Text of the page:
While automation and its drivers are among today’s hottest business topics, few organizations know where and how to begin. Here’s why understanding which processes are (and aren’t) ripe for automation is the essential first step.
Intelligent machines are slowly permeating every aspect of our professional and personal lives, according to What to Do When Machines Do Everything. In terms of how both organizations and individuals perform their daily work, these new machines are omnipresent, fast-growing and deeply disruptive.
Consequently, many companies are baffled and tentative about how to react and where to employ this powerful technology into their own daily operations. Some large insurance and brokerage firms have begun dabbling with robotic process automation (RPA) as a way to reduce costs by automating outsourced and low-risk work.
While the intentions behind them are sound, many RPA initiatives have failed to achieve the desired cost-containment objectives, however. This is partly due to “overpromising and under-delivering” supply, but also because early buyers don’t yet know where to apply the promising technology to the most suitable business cases.
While RPA is most commonly associated with the current state of automation, it is important to understand that RPA is merely the most basic type of such technology. It addresses rote, repetitive or otherwise routine work that can be easily programmed to or carried out by a computer.
Cognitive or smart automation, on the other hand, involves more complex activities, such as natural language processing, artificial intelligence (AI), sentiment analysis and self-learning. At this level, machines can work independently and without human instruction or with only periodic human intervention and/or approval. While the former type is well under way, the latter is only in the nascent stages.
Before an organization can determine which type of automation its culture and processes are suitable, it must first conduct a cost-benefit and maturity analysis to help focus on processes that make the most business sense. Of course, some business processes need not be considered for automation. For example, it may be fruitless for an organization to incur the costs of automating an activity that is performed only once a year or has an insignificant effect on volume or resource allocation.
Setting the Score
With the help of an automation scorecard provided by us or other integrator, the first phase of assessment breaks down all processes and subprocesses that are being considered for automation. At the end of this step, an enterprise-wide functional inventory should be listed and well understood.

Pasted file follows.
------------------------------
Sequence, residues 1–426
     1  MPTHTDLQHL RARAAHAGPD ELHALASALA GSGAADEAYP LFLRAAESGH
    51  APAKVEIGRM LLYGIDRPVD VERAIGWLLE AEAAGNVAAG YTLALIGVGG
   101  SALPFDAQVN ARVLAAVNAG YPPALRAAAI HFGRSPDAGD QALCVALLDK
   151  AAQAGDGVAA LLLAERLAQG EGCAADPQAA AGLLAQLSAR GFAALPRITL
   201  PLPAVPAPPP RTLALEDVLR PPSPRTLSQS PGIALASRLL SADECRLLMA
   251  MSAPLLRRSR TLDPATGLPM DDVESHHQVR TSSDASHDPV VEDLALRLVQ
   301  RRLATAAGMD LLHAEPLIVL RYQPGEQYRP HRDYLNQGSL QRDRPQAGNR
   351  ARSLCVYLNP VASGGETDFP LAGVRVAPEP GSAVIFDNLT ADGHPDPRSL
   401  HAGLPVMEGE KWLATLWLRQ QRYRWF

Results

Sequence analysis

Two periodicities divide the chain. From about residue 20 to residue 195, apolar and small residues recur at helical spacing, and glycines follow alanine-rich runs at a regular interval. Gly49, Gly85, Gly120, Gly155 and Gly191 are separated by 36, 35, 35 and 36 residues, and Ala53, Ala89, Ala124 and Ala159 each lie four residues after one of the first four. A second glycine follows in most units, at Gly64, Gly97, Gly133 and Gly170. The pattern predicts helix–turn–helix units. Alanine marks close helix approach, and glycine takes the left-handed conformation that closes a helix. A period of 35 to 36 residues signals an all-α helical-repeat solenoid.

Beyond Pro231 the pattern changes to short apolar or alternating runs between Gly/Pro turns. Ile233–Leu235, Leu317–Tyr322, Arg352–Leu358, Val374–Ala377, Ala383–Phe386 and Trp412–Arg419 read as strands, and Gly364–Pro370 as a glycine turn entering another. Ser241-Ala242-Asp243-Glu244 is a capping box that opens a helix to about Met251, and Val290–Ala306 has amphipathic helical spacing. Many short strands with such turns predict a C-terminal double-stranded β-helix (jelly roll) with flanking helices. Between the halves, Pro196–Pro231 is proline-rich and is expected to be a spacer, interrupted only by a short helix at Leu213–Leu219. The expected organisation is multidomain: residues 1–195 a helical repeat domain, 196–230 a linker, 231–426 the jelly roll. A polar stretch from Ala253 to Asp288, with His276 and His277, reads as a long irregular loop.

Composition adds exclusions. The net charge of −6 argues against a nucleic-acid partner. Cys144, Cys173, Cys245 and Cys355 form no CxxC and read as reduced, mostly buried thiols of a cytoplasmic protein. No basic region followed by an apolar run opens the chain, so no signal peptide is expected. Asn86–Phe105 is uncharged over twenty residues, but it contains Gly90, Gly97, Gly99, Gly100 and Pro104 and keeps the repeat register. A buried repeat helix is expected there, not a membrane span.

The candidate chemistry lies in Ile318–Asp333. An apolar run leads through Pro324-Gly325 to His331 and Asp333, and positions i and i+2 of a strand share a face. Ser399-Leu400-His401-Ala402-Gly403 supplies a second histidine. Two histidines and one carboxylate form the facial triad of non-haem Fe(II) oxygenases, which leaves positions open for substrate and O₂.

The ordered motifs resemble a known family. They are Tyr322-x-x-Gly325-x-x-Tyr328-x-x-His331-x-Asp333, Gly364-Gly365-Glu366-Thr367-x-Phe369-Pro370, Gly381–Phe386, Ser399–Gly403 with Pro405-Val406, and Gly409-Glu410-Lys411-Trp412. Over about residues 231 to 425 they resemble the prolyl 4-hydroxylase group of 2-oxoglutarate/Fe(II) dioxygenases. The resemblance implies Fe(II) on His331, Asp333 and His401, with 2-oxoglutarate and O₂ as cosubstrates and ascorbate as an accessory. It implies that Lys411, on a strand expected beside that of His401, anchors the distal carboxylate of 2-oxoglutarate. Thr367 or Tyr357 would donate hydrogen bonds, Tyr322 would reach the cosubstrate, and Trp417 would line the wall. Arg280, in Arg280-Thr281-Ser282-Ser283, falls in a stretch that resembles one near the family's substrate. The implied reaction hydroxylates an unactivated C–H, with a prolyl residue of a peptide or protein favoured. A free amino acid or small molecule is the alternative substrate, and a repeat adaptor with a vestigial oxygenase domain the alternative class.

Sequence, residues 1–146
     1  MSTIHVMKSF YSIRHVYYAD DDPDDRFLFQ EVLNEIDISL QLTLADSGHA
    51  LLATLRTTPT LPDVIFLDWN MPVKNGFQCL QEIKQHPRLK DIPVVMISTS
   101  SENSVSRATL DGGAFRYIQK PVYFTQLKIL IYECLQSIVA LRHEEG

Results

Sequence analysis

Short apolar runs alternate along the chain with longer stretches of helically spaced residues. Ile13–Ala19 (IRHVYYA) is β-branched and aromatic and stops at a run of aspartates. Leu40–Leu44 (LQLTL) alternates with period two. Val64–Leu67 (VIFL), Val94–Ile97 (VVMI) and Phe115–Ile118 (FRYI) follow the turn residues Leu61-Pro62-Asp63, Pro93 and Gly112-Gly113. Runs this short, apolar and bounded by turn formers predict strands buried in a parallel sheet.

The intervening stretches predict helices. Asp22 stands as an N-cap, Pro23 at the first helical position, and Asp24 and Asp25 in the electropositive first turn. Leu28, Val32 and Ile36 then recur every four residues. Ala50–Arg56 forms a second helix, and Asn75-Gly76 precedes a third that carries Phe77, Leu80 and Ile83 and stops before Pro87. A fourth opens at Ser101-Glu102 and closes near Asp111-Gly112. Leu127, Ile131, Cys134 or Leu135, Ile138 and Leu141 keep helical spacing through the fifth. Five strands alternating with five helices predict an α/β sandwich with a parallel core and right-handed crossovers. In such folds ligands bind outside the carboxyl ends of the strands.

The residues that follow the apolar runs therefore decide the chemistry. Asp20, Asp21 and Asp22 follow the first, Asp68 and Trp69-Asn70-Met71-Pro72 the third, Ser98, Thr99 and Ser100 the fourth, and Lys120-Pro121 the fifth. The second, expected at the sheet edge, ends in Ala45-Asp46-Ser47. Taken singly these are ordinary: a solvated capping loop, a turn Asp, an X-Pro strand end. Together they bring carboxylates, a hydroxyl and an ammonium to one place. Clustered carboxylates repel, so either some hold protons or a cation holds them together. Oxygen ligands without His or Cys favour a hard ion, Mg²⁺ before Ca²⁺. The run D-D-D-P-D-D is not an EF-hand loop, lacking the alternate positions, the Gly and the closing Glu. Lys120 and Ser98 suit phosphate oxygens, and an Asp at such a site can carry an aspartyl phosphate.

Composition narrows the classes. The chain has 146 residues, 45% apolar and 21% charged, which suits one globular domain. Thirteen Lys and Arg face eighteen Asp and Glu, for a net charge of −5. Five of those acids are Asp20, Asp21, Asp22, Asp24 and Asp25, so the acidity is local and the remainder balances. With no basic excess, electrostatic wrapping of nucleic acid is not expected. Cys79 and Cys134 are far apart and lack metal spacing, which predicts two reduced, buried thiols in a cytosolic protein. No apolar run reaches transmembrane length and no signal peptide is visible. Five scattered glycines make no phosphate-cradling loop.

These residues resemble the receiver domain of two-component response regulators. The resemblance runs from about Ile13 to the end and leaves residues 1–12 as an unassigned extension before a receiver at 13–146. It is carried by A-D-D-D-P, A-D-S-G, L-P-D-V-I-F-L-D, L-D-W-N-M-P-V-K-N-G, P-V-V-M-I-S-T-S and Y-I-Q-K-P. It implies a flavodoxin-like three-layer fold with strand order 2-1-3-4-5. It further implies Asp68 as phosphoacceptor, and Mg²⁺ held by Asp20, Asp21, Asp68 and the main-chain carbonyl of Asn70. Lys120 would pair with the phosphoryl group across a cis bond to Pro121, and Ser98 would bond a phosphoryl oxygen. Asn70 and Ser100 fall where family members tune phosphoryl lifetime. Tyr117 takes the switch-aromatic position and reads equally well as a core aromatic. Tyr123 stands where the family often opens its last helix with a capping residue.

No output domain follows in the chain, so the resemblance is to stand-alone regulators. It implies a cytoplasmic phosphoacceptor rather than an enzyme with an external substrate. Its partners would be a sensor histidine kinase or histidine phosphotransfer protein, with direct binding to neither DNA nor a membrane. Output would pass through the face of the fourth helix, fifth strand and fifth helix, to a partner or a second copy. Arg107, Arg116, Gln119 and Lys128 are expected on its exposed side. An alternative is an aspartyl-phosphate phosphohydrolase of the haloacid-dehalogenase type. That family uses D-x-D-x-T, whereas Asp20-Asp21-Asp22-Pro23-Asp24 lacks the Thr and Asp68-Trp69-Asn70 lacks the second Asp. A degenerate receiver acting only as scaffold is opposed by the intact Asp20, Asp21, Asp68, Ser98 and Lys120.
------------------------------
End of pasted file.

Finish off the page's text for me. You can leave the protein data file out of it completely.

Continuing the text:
The next step includes interviews with business process owners and stakeholders to ensure the most accurate and useful information is captured for further analysis. For example, underwriting as a function is composed of both the individual underwriter and the actual process of underwriting. Hence, we initiate the identification phase by choosing parameters that affect both the individual and the business process: the degree of work variation (including project management and analytic skills required) and the degree of business process complexity (including both the process traits and business impact).
Once an automation score is acquired, individual organizations or business units can begin piloting, phased development and eventual application of cognitive automation in addition to early RPA deployments. Obviously, selection of the right processes and the right level of automation can be tricky. To overcome this oversight, it’s important to get the right stakeholders committed to the program early in the game.
Smart machines, or those endowed with AI, have been described by the World Economic Forum as the fourth wave of the industrial revolution (after steam power in 1784, mass production in 1870, and electronic computing in 1969). Before planning your approach to catching this wave, it’s important to note that the automation adoption curve is extremely steep, no industry will go untouched and, like previous industrial waves, this will fundamentally change the way we all work.
Moving forward, insurers must view things from a dual lens: A microscopic view for achieving the low-hanging fruits of RPA, and a telescopic view for cognitive or smart automation opportunities in the not-so-distant future. A detailed plan of action should balance these two goals, because today’s successful RPA initiatives can provide a foundation for tomorrow’s cognitive automation. It will also help win the trust of senior management by demonstrating scalable value.
Bear in mind that smart machines will coexist with humans in the workplace in the near future. Therefore, organizations should be proactive in smoothing the transition. If you think your business processes are not yet ready to be automated, the first step should be to get them to a state in which they are. If you think your process landscape is ready to be automated, the next step should be to identify the areas that are most ripe for automation, score them for maturity and plan for a specific implementation roadmap.
Either way, a move toward automation is a move in the right direction.